When choosing a place to put their money, people consider how safe there money will be, how easy it is to access, and whether it will earn more money. Students explore how well different savings places achieve these objectives. Students learn that people who don’t want to carry money with them or keep it at home often choose to put their money in a savings account at a bank or credit union. These financial institutions protect money from theft and other losses. They also pay interest on money deposited. This lesson works well as a follow-up to the ABCs of Saving.
The purpose of this activity is to demonstrate that the production of most goods can be broken down into a number of specific tasks (division of labor), with each of these tasks assigned to specific workers (specialization.)
Banks are important to Americans. We use banks to save money and earn interest, or borrow money and pay interest. This lesson introduces the concepts of banking to children.
The following lessons come from the Council for Economic Education's library of publications. Clicking the publication title or image will take you to the Council for Economic Education Store for more detailed information.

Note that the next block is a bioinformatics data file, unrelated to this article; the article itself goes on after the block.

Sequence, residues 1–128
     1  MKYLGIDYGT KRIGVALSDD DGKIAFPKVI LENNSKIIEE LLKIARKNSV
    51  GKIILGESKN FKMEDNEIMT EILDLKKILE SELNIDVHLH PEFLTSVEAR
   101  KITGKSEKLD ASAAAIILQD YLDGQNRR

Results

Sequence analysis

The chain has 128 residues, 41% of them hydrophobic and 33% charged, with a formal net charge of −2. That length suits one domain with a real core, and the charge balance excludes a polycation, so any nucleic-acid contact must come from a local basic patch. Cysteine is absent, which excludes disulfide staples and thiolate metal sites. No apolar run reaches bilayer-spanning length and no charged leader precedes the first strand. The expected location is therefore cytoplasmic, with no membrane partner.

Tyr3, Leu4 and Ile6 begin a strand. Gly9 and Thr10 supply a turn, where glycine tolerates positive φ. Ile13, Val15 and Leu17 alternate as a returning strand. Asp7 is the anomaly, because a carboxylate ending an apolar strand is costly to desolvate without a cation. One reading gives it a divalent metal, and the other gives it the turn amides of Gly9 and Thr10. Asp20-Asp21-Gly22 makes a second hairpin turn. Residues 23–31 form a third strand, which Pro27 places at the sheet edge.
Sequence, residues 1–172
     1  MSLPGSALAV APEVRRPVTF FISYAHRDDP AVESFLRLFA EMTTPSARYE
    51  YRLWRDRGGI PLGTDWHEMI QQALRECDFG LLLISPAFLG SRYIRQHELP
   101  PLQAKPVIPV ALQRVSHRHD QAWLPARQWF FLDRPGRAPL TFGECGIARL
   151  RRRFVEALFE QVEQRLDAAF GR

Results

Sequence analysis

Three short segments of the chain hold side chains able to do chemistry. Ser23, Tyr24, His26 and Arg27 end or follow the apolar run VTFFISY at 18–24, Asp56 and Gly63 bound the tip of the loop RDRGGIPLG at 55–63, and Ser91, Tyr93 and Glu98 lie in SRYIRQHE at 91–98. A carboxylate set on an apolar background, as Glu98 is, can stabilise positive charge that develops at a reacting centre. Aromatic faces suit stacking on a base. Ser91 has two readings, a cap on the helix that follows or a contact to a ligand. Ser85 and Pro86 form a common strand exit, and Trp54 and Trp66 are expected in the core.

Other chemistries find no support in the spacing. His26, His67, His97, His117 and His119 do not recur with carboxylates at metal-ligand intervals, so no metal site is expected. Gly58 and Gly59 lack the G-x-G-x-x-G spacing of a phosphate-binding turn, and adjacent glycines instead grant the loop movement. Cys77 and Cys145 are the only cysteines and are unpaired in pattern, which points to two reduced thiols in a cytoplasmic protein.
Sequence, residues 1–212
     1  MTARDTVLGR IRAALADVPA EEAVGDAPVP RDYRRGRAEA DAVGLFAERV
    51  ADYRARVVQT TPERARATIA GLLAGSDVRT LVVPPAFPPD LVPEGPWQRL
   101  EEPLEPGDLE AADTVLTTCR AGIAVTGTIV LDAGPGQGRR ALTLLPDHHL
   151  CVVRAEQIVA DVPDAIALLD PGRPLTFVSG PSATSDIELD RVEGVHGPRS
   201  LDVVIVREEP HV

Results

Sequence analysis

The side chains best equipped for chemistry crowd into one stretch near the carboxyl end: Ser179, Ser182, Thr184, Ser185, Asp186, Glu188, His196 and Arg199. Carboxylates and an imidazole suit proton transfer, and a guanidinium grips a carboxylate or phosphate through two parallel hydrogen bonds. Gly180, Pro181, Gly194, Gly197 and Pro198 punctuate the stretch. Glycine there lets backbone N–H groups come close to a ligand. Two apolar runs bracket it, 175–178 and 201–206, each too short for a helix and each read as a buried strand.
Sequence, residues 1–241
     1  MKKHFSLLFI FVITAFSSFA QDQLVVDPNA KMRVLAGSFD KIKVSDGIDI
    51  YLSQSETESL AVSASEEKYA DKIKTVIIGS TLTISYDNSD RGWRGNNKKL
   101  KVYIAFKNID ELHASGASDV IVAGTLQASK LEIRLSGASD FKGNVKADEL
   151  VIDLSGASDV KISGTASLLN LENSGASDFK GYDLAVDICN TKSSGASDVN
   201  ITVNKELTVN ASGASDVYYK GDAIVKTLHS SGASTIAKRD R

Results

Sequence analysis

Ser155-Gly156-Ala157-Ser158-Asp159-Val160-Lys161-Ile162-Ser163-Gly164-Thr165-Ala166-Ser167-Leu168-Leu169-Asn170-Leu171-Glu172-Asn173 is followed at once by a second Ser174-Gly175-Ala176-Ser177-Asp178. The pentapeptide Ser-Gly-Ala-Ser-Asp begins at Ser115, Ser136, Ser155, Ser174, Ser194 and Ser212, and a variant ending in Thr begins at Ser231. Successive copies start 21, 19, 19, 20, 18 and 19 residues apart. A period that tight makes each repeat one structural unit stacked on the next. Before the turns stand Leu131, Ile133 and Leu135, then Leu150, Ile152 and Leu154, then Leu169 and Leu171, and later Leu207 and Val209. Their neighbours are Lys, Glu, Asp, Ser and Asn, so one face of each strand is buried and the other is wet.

This interdisciplinary curriculum guide helps teachers introduce their students to economics using popular children's stories.
10 out of 29 lessons from this publication relate to this EconEdLink lesson.
Designed primarily for elementary and middle school students, each of the 15 lessons in this guide introduces an economics concept through activities with modeling clay.
2 out of 17 lessons from this publication relate to this EconEdLink lesson.
This publication contains fourteen lessons that use a unique blend of games, simulations, and role playing to illustrate economics in a way elementary students will enjoy.
2 out of 16 lessons from this publication relate to this EconEdLink lesson.